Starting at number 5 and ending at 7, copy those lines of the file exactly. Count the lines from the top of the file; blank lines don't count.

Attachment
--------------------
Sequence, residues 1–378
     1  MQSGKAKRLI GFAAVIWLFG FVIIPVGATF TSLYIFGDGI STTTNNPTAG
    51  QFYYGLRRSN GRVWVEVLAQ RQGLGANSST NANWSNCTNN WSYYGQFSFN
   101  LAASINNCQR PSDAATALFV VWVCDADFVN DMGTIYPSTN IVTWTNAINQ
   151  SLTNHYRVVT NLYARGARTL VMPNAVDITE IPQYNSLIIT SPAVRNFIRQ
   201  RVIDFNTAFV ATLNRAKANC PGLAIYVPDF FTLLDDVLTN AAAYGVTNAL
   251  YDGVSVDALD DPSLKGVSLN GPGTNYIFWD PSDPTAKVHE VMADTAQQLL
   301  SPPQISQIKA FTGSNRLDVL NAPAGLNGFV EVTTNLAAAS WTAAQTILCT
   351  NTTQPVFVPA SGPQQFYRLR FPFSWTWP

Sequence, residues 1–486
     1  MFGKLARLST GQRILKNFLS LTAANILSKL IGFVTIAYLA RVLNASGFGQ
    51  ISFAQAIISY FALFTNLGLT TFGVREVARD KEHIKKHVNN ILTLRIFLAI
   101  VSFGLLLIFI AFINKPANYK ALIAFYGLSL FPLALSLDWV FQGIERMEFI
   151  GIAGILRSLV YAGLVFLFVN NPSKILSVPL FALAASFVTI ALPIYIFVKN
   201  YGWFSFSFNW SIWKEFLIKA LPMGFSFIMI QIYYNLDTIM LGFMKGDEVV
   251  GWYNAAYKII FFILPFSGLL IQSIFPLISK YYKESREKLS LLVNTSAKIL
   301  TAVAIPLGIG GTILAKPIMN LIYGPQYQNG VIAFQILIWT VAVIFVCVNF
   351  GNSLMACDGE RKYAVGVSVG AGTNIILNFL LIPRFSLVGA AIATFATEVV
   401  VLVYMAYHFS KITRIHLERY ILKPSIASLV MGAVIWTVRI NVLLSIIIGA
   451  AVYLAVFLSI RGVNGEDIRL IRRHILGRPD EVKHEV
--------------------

   151  SLTNHYRVVT NLYARGARTL VMPNAVDITE IPQYNSLIIT SPAVRNFIRQ
   201  RVIDFNTAFV ATLNRAKANC PGLAIYVPDF FTLLDDVLTN AAAYGVTNAL
   251  YDGVSVDALD DPSLKGVSLN GPGTNYIFWD PSDPTAKVHE VMADTAQQLL